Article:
Latest News Archive

Please select Category, Year, and then Month to display items
Previous Archive
26 March 2018 Photo Pixabay
Back to the drawing board to save water
We’ve managed to damage nature’s ‘filter’ with air, ocean, and soil pollution, and by destroying wetlands.

Dr Cindé Greyling, a University of the Free State (UFS) DiMTEC (Disaster Management Training and Education Centre for Africa) alumni, studied drought mitigation with a strong focus on communicating important water-saving information. 

Can we run out of water?
Yes, and no, says Dr Greyling. “To our knowledge, water is not ‘leaking’ through our atmosphere. We have what we have, but that doesn’t mean we will have enough clean, fresh water forever. Nature has a magnificent way of purifying water through the water cycle. We, on the other hand, must use a lot of money and energy to purify water. Also, we’ve managed to damage nature’s ‘filter’ with air, ocean, and soil pollution, and by destroying wetlands. The other problem is a simple supply and demand scenario. More people will need more water, but not only that, population growth calls for industry development and increased food supplies – all of which require more water.”    

A war over water
Besides some Hollywood impressions, it is difficult to imagine a war over water, but it is possible. “Some experts are convinced that we are heading there, and others claim that such tensions already exist. Personally, I don’t favour these kinds of shock tactics (or truths) – social research has shown us that it rarely leads to behavioural changes. We can learn a lot from what was has been done in Cape Town. Although we all think people were bombarded with ‘Day-Zero’-scares, they were actually encouraged to adapt their behaviour with a communication campaign that hardly ever used the term ‘Day-Zero’. This approach mobilised citizens to reach record lows of water usage.”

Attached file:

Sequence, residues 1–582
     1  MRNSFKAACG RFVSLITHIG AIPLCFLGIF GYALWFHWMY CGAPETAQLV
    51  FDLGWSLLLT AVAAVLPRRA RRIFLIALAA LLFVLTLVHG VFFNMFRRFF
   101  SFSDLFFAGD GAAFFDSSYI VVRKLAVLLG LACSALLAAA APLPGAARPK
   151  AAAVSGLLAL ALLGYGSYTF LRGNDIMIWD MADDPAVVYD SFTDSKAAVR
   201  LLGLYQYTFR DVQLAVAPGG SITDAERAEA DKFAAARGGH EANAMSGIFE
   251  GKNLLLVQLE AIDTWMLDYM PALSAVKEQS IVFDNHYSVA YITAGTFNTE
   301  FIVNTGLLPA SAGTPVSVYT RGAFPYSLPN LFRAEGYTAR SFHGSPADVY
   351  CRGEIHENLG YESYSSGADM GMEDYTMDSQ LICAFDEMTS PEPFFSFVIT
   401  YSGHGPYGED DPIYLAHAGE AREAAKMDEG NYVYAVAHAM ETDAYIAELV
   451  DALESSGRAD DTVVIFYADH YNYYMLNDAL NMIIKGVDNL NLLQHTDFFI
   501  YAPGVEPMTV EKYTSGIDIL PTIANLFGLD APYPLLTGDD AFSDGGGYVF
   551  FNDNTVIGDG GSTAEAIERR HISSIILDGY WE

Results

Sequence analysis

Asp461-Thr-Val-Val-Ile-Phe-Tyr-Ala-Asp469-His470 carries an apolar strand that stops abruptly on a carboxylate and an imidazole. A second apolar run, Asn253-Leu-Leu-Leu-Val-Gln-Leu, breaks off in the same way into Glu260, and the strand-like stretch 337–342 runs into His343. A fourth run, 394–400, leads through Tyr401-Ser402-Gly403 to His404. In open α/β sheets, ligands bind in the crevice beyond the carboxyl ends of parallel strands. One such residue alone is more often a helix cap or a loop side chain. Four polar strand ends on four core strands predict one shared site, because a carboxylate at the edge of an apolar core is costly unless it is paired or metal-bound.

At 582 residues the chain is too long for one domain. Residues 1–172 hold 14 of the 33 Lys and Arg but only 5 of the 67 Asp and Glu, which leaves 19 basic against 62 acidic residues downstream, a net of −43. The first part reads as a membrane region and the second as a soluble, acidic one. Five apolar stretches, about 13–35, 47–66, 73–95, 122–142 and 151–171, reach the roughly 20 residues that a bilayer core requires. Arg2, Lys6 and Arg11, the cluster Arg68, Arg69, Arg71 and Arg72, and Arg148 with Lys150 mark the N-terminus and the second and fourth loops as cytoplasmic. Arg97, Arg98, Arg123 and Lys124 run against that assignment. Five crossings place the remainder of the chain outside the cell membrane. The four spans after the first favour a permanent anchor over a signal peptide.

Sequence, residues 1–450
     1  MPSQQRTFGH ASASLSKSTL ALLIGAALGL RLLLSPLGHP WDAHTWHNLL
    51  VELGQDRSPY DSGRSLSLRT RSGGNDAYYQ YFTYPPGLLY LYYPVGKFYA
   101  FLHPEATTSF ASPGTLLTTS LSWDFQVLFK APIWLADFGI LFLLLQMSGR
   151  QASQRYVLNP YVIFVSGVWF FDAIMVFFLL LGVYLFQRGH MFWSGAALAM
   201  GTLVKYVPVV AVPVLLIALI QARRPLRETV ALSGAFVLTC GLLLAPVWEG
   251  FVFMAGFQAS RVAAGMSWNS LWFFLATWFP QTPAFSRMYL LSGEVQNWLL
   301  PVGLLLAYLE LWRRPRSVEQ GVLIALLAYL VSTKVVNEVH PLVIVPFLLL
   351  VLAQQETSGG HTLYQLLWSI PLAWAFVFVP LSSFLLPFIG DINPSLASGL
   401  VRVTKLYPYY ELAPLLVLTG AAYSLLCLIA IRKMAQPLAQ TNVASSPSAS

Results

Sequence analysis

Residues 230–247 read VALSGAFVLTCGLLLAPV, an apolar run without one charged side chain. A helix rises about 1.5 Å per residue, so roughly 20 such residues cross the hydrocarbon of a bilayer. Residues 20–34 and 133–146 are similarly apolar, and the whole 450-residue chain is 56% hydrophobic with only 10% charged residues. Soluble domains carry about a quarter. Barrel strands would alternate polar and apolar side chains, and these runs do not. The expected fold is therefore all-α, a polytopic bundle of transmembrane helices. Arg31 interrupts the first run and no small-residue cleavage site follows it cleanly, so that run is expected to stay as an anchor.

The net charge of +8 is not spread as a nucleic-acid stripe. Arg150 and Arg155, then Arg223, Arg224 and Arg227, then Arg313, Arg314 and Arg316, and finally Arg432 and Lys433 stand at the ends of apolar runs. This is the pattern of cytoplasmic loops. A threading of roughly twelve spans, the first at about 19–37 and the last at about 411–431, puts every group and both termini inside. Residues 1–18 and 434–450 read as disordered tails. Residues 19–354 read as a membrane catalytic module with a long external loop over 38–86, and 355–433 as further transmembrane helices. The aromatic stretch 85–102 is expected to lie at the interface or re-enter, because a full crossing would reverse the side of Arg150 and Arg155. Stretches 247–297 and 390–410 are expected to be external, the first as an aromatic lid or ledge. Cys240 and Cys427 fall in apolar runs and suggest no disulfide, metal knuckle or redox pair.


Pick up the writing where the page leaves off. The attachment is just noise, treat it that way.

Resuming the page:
Adapt a new normal
Dr Greyling encourages the “new normal” set in motion by Capetonians. “Water consciousness is needed, even when the rain comes again. We’ve taken water for granted for too long. As consumers, we have the power to turn this situation around – drop for drop. Be aware about the amount of water you use, how you use it, and for what. Keep in mind that any wastage and pollution (of ‘dry’ things) also wastes and pollutes water. Generally, we need to behave better regarding consumption.”  

News Archive

UFS Winter Graduation Ceremony

UFS awards record number of master’s degrees and doctorates

The University of the Free State (UFS) celebrated an increase in postgraduate successes with a record number of master’s degrees and doctorates that were awarded during the winter graduation ceremony at the Bloemfontein campus on Thursday 14 June 2012.

A total of 481 master’s degrees and 82 doctorates were awarded in two ceremonies in the Callie Human Centre on the Bloemfontein Campus. This is the most postgraduate qualifications to be awarded at a single graduation ceremony.

DiMTEC has reason to celebrate

Dr Andries Jordaan (second from right) with some of the people who received their master's degrees. From the left are Kehinde Balogun, the couple Olive Chisola-Darris en Clement West Darris, and the couple Everson Ndlovu en Patience Sibongile Ndlovu.
Photo: Leatitia Pienaar